All’s well that ends well. It’s not how you start, it’s how you finish. Glory awaits you at the finish line; When facing the final month of the year, these old sayings aren’t always helpful. Some of us feel less like an Olympic sprinter and more like we’ve hit a runner’s wall.
The big existential questions come home to roost right at the time when we have a packed month of planning, performance reviews, projects to finish and family visits to plan.
What if we used the time usually spent getting trampled in pre-holiday sales to reflect and plan in peace? Here are three ways to wind down the year so you can start 2020 firing on all cylinders.
1. Think bigger picture
Everyone has a productivity tool or method that works for them, whether it’s an app, project management tool or good old-fashioned notebook.
Instead of the drab daily to-do list, try a method that uses positive psychology and and helps you develop habits that improve your life. Investigate bullet journaling or planners like the Best Self planner. They’re structured to help you achieve longer-term goals.
2. Make your gadgets work for you
Our phones are specifically designed to do one thing: grab our attention. You can configure your phone to do less of it. Use the settings to turn it from color to grayscale, set a night shift schedule and turn off notifications and ad tracking so you get fewer alerts.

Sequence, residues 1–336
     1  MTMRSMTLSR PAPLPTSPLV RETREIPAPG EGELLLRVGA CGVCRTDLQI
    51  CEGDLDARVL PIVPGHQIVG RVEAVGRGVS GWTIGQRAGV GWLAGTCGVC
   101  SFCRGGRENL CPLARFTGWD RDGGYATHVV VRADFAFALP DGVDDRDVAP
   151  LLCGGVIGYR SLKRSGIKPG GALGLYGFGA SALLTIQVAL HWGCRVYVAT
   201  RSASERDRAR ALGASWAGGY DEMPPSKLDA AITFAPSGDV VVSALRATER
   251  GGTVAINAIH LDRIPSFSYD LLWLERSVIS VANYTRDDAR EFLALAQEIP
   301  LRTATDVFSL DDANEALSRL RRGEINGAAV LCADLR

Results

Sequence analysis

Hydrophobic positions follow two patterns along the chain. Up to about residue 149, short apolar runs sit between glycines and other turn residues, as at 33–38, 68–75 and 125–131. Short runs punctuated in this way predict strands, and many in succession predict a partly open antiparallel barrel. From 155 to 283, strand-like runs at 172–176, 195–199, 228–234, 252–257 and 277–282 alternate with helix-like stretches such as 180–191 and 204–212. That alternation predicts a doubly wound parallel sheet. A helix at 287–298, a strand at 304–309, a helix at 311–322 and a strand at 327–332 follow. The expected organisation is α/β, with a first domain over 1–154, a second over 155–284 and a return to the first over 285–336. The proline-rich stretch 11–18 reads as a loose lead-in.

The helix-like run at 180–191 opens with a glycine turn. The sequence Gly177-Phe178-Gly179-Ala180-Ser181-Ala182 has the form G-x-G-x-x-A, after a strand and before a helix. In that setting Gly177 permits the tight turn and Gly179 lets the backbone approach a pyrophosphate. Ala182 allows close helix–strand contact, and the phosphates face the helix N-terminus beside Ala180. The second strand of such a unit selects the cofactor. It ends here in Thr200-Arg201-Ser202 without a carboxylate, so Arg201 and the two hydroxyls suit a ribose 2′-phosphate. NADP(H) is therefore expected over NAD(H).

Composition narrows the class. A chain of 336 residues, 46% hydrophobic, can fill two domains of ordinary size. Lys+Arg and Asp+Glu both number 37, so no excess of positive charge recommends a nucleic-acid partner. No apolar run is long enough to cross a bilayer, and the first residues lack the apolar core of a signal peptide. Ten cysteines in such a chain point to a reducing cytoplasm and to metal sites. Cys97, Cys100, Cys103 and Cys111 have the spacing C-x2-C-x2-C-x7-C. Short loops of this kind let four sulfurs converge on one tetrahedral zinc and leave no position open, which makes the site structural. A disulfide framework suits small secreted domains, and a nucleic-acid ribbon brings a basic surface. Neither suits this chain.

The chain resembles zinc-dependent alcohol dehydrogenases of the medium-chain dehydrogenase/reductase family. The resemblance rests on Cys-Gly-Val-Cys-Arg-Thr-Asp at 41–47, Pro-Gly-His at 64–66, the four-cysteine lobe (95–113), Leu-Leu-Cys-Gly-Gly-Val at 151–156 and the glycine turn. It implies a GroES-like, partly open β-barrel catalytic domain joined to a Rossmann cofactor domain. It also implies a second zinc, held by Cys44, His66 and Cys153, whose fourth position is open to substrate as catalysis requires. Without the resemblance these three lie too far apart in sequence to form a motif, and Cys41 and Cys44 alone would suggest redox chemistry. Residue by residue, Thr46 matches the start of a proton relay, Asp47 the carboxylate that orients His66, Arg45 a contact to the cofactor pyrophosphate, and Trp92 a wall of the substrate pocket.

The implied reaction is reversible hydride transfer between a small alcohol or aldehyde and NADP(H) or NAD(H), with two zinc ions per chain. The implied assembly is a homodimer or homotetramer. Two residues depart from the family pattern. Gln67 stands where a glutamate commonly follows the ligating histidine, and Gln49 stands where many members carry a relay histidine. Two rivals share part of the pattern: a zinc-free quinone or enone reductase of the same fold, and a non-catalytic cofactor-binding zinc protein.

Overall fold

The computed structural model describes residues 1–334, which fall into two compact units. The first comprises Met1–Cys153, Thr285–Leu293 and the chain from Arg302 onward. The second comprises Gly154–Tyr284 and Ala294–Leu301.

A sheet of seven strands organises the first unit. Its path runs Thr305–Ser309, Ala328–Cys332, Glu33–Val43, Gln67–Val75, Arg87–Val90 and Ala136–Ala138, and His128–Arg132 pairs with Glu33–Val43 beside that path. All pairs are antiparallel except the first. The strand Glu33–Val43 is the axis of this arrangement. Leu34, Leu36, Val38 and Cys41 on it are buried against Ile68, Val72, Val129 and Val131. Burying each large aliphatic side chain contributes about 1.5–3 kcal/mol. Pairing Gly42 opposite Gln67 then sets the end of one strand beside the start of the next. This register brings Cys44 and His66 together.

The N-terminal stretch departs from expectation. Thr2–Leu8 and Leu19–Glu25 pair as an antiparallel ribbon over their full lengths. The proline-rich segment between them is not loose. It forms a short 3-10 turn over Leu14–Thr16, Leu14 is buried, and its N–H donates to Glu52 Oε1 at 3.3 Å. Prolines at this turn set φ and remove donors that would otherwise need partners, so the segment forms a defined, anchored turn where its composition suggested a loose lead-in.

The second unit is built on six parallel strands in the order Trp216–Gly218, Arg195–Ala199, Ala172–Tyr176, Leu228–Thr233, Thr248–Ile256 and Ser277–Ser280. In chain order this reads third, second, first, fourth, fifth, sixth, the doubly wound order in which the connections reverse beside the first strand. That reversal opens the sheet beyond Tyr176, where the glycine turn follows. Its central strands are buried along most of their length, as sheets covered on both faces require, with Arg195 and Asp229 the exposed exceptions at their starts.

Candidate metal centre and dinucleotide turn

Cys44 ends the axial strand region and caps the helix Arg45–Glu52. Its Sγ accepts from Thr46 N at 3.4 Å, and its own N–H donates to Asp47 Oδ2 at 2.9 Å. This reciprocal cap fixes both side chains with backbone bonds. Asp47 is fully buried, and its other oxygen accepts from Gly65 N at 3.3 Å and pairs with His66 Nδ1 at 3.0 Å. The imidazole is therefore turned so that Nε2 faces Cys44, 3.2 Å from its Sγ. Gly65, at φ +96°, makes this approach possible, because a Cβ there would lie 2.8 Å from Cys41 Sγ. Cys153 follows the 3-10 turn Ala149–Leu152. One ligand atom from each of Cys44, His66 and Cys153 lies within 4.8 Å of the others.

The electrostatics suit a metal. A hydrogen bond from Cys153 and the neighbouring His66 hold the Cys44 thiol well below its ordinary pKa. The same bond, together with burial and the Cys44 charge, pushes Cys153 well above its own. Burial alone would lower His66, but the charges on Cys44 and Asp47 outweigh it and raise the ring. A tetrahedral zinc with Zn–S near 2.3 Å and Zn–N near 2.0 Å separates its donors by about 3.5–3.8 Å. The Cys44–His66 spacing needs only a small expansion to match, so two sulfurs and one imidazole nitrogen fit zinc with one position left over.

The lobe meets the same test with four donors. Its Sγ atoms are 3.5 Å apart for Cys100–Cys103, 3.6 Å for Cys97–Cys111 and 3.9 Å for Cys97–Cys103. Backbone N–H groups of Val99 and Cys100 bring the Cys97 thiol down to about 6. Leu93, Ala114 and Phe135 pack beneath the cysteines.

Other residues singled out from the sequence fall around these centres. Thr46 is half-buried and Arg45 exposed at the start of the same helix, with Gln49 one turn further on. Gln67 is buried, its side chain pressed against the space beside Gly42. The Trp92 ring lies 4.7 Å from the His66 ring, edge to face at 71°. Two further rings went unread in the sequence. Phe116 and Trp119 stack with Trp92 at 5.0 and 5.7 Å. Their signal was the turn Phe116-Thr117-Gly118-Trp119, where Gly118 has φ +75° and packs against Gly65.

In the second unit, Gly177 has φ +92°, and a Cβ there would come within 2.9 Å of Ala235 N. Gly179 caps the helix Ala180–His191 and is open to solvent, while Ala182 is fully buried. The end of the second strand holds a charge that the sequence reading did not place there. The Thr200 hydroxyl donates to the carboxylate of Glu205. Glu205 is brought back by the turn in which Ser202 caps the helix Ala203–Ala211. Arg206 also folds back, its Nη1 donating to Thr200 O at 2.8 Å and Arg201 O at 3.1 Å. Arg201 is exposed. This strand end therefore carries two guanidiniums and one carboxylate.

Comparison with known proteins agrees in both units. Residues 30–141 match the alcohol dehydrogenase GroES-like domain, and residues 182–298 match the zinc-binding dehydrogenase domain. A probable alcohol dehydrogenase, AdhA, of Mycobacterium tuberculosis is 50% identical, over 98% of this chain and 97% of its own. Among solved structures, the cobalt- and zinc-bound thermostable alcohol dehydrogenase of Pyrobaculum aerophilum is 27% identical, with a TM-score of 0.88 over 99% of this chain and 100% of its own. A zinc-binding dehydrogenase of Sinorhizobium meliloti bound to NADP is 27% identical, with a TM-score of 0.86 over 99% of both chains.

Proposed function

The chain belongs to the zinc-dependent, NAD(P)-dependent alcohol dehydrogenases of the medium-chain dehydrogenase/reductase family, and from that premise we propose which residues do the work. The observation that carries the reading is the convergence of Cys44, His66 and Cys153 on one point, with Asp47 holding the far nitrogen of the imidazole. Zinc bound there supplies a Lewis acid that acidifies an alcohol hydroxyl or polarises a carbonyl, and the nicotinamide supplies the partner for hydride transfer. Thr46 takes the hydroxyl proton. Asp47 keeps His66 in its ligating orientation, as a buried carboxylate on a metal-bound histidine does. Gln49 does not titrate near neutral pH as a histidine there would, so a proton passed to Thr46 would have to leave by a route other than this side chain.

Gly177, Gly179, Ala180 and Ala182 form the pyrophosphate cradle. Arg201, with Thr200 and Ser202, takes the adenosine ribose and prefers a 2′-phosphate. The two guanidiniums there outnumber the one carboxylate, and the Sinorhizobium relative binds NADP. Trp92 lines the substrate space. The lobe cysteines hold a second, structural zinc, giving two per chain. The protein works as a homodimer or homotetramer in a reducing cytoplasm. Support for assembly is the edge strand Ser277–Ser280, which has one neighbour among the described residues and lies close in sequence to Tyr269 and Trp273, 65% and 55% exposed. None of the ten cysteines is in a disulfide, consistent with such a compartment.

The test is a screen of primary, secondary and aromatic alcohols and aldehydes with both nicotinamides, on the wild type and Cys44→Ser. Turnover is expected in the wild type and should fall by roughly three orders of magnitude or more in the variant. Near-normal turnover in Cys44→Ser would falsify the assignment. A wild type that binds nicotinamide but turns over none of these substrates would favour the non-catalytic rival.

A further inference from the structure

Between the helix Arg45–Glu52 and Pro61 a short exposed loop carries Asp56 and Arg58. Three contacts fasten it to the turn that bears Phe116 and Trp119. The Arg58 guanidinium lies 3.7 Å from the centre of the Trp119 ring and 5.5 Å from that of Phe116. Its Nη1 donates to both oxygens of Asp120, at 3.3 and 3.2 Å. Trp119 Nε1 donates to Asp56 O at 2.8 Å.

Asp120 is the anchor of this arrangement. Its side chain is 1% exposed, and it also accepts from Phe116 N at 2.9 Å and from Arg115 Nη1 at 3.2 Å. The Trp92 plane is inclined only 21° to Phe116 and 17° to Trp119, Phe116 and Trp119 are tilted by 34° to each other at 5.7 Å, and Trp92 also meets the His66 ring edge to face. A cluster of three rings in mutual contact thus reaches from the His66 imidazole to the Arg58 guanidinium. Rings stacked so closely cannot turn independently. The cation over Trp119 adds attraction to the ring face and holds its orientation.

Declutter your digital life by deleting apps you haven’t used in the last six months and unsubscribe to unwanted emails manually or with a site such as Unroll.me.
Install apps to streamline your life on the road such as a currency converter, translating apps and the myCWT travel management app.
3., Reflect well, resolve well
Several research firms cite a failure rate of at least 80% when it comes to New Year resolutions. Yet we still make them, often on-the-cuff when pressed by a fellow NYE party guest.
Are there alternatives to resolving to shed a quarter of your body weight by February and publish your first novel at the same time?
Replace the old resolution-setting with a new method. Identify a word of the year such as ‘clarity’ or ‘health’ and journal why the word is meaningful for you going forward. Stick it on a post-it note and consider the word when making choices. If you inspire yourself rather than set daunting tasks, you’re more likely to succeed.
Similarly, review the last year for signs of growth instead of singular moments of success. Did you become more assertive or better at negotiating? And how can you build on these skills going forward? After all, life’s a marathon, not a sprint.